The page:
“We knew that we had to increase our talent level, but also develop what we had in the program and the freshmen we were bringing in,” he said last week. “So what you’re seeing now is a product of two years of player development and learning how to run a system.”

The first time Enfield worked out Fieler, he says, the kid couldn’t go 20 minutes with running to a trash can to vomit. Two years later, he’s a national sensation for his flying leaps to the basket and was named second-team all-Atlantic Sun. A year ago, Comer led the nation in turnovers by a freshman point guard. Last weekend, he had 24 assists in two NCAA tournament games. Sophomore guard Bernard Thompson has 102 steals this season, the most in the nation. That’s what a couple of years in the hands of a good basketball teacher can do.

“This is just a culmination of their efforts and our focus on what we thought needed to be done to get to this point,” Enfield said. “So this is a product of our players spending a lot of time with our coaching staff and by themselves, of improving their ballhandling, their shooting, their decision making, the passing, their floaters, their Eurosteps, their finishes in the lane with both hands.”

FGCU’s mad dashes up the court look unstructured; those fast breaks and alley-oops tend to show off the improvisation and hide the work behind them. But make no mistake, they are a product of Enfield’s teaching — a team doesn’t open up such huge spaces on the floor by accident. It’s a product of design and repetition. The tempo at which they play is coupled with exquisite execution, and chemistry.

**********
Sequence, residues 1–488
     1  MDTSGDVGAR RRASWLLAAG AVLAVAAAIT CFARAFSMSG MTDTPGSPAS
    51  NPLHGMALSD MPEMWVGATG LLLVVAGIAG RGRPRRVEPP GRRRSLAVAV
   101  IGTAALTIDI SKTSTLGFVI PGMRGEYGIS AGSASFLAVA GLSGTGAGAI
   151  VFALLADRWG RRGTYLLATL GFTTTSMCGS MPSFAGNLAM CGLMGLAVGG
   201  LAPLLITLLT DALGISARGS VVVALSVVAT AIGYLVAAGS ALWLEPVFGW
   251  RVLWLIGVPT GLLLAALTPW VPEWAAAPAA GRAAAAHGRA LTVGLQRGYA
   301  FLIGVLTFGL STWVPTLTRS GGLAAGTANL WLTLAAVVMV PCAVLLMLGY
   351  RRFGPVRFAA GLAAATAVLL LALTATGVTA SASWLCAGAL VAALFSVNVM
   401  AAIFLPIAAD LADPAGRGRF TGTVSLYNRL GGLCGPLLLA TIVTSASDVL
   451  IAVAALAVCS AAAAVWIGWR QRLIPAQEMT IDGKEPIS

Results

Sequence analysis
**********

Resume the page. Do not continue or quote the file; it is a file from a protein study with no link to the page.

“My style is not a I don’t like to slow the ball down,” Enfield said. “I like to let our guys play. I think it’s extremely difficult to guard an offense when players have freedom and they can play within a system.”

Couple good teaching with pupils who are genuinely enthusiastic — as opposed to bored, jaundiced mercenaries — and what you get is Dunk City. And its effect is electrifying, the most fun we’ve had in the tournament in years. The Eagles’ offensive philosophy, according to Comer, is “attack, attack, attack,” and there is something about their combination of pace, execution and reckless fun — the way their reserves howl and hold one another back when Fieler throws down a tomahawk — that opponents find unnerving.

“They start talking to one another,” Thompson said, “you can see they’re a little shaken up by how we come and put the pressure on them. We just come out and just try to make them crack.”

Maybe what shakes up their opponents is the sudden realization that they’re playing a team for whom the stakes are so low — that has nothing to lose except the final score.

One of these days the shine will come off. It’s almost inevitable. Eventually they will lose — maybe to Florida in the South Region semifinals on Friday night. Somebody will get spoiled, or the big head, or flunk out, or go on the take. Enfield and the boys from Dunk City will struggle to live up to their brazenness. But the good news is, not yet. For the moment, it’s still all in fun.